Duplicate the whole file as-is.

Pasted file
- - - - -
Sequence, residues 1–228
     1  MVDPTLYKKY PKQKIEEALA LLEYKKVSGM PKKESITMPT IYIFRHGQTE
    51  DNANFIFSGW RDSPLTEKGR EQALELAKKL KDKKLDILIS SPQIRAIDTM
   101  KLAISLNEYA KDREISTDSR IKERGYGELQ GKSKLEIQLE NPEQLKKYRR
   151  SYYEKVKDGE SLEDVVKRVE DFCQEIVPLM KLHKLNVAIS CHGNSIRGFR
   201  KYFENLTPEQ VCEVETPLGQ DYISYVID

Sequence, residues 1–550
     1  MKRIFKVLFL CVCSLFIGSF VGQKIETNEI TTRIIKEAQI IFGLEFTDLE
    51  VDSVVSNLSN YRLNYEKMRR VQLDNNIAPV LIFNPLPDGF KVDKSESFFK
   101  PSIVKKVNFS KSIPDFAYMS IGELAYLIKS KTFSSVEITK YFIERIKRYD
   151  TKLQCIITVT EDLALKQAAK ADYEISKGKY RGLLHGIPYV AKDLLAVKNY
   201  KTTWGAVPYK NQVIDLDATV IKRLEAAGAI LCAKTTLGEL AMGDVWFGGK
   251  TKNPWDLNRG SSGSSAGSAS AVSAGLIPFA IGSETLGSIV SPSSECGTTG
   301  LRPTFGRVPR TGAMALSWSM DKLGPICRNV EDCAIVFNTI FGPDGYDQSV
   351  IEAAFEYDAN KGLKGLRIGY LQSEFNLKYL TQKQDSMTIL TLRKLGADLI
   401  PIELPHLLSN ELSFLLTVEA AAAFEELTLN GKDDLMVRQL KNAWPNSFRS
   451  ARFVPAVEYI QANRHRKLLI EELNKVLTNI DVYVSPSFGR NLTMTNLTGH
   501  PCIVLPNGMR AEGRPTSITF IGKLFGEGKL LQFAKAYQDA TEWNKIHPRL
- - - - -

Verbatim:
Sequence, residues 1–228
     1  MVDPTLYKKY PKQKIEEALA LLEYKKVSGM PKKESITMPT IYIFRHGQTE
    51  DNANFIFSGW RDSPLTEKGR EQALELAKKL KDKKLDILIS SPQIRAIDTM
   101  KLAISLNEYA KDREISTDSR IKERGYGELQ GKSKLEIQLE NPEQLKKYRR
   151  SYYEKVKDGE SLEDVVKRVE DFCQEIVPLM KLHKLNVAIS CHGNSIRGFR
   201  KYFENLTPEQ VCEVETPLGQ DYISYVID

Sequence, residues 1–550
     1  MKRIFKVLFL CVCSLFIGSF VGQKIETNEI TTRIIKEAQI IFGLEFTDLE
    51  VDSVVSNLSN YRLNYEKMRR VQLDNNIAPV LIFNPLPDGF KVDKSESFFK
   101  PSIVKKVNFS KSIPDFAYMS IGELAYLIKS KTFSSVEITK YFIERIKRYD
   151  TKLQCIITVT EDLALKQAAK ADYEISKGKY RGLLHGIPYV AKDLLAVKNY
   201  KTTWGAVPYK NQVIDLDATV IKRLEAAGAI LCAKTTLGEL AMGDVWFGGK
   251  TKNPWDLNRG SSGSSAGSAS AVSAGLIPFA IGSETLGSIV SPSSECGTTG
   301  LRPTFGRVPR TGAMALSWSM DKLGPICRNV EDCAIVFNTI FGPDGYDQSV
   351  IEAAFEYDAN KGLKGLRIGY LQSEFNLKYL TQKQDSMTIL TLRKLGADLI
   401  PIELPHLLSN ELSFLLTVEA AAAFEELTLN GKDDLMVRQL KNAWPNSFRS
   451  ARFVPAVEYI QANRHRKLLI EELNKVLTNI DVYVSPSFGR NLTMTNLTGH
   501  PCIVLPNGMR AEGRPTSITF IGKLFGEGKL LQFAKAYQDA TEWNKIHPRL